No 18-year-old should be nicknamed "King".
- Jim Rome
LeBron James hasn't even graduated from high school, and yet he has already made more money that most of us could reasonably hope to see in our lifetimes. Time was that you actually had to prove your worth. Now, hype and headlines will often go just as far as actual demonstrated production>
Things happen fast now. We don't wait for the championships or even the first step on the court in specially designed, two-of-a-kind shoes. From Dempsey to Ruth, DiMaggio to Mantle, Ali to Jordan, athletes have represented their times.
Times have changed.
On Thursday, 18-year-old high school basketball phenom LeBron James signed a record $90 million, seven-year contract to dress in Nike's swooshes, and it was as if another era of athletic celebrity had begun.
Nike won his heart over rival Reebok, making the size of his initial endorsement contract the first record James has set. James' deal is the second largest among endorsers overall, eclipsed only by Tiger Woods' five-year, $100 million deal with Nike.
Then, Thursday evening, in a final stroke of serendipity, the Cleveland Cavaliers won the NBA draft lottery and with it the chance to make James the first pick of the draft next month.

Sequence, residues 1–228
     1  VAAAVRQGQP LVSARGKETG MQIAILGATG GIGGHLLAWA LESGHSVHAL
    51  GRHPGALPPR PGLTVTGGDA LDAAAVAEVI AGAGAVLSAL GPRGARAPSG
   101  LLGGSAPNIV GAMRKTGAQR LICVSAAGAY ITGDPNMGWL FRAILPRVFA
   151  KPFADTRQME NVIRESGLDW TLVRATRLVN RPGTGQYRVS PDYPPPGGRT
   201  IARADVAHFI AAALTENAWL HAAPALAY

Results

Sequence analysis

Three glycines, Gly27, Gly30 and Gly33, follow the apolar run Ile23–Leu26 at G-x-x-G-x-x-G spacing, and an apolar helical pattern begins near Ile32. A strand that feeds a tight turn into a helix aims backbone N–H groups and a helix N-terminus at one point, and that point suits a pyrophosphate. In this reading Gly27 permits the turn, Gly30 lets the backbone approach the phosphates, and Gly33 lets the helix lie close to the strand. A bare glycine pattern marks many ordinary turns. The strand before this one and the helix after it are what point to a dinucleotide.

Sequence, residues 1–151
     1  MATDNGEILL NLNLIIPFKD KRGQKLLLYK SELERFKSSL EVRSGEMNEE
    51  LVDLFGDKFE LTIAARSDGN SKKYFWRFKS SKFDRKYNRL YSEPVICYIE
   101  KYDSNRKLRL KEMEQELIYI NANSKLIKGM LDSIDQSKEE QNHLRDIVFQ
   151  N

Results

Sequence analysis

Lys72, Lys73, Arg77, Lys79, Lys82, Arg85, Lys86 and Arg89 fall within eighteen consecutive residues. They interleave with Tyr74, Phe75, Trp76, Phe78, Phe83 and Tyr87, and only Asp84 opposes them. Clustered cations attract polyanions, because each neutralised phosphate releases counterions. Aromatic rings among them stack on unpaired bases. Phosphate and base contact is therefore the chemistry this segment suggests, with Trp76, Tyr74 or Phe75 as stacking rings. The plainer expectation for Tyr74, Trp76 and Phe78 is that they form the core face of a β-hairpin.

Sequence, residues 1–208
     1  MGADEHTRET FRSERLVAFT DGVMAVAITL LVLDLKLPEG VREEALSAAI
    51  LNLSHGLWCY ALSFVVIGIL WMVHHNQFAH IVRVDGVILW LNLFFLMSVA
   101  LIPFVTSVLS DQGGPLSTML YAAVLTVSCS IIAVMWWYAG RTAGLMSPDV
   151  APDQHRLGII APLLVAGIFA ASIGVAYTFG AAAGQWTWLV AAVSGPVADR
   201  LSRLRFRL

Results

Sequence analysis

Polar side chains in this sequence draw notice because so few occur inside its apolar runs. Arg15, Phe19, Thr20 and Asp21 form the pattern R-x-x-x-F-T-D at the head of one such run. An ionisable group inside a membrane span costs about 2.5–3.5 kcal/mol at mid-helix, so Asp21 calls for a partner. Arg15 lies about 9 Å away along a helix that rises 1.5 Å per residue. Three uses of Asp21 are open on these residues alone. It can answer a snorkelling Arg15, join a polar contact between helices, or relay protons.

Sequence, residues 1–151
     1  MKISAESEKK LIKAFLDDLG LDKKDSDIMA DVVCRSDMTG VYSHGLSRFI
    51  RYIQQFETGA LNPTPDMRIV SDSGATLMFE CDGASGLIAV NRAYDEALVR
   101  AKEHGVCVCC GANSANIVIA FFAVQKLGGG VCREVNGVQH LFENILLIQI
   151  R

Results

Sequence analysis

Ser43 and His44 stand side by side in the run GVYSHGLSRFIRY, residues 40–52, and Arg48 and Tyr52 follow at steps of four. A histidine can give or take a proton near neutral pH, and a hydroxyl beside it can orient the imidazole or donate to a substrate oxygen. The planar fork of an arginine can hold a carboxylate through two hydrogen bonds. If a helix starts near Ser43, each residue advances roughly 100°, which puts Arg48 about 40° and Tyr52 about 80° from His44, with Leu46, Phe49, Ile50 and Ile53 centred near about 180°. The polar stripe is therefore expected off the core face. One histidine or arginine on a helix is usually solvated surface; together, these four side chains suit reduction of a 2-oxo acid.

On the basketball court, James is expected to bring the woeful Cavaliers back to life. Off it, Nike is gambling that children across America will embrace him as they did Michael Jordan, whose Air Jordan sneakers became the company's biggest seller.
You have to wonder about a situation where James will make an average of almost $13 million/year from Nike, but "only" $3.6 million/year from his "real" job as an NBA player. It's not a stretch to wonder where his loyalties will lie. Of course, when you make that many millions of dollar, does loyalty even matter?
Too much? Too early? Hell, yes, but such is the way of the world we live in. I just have to wonder about our priorities when an 18-year-old basketball player is making a gazillion dollars a year, and yet teachers are being laid off here in Houston and schools are closing early in Oregon. So much for taking care of what really matters.